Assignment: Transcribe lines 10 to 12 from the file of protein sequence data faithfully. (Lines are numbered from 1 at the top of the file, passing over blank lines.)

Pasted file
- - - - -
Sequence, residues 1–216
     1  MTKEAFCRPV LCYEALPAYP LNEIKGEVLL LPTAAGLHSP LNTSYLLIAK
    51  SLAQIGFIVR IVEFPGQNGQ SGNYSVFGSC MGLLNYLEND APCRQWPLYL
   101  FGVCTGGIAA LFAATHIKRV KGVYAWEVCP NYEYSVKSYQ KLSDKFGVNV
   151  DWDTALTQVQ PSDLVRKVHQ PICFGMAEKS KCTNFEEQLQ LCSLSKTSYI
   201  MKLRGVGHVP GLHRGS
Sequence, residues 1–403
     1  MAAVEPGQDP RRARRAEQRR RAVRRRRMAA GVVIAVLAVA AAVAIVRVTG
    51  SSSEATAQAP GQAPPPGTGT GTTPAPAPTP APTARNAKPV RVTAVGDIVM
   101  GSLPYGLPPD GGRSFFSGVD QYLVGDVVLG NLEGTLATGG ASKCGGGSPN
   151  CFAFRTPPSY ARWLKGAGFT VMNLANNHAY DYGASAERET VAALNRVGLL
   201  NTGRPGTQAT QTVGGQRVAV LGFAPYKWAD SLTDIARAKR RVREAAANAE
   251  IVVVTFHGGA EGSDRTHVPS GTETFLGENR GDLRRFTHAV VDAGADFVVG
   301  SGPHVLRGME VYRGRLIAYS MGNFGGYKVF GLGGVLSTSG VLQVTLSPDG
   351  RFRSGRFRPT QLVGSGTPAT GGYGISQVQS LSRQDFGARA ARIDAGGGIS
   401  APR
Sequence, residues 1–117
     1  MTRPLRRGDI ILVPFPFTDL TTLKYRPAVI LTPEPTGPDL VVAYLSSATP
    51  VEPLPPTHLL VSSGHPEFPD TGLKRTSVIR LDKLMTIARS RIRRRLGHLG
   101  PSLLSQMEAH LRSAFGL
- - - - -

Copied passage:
   101  GSLPYGLPPD GGRSFFSGVD QYLVGDVVLG NLEGTLATGG ASKCGGGSPN
   151  CFAFRTPPSY ARWLKGAGFT VMNLANNHAY DYGASAERET VAALNRVGLL
   201  NTGRPGTQAT QTVGGQRVAV LGFAPYKWAD SLTDIARAKR RVREAAANAE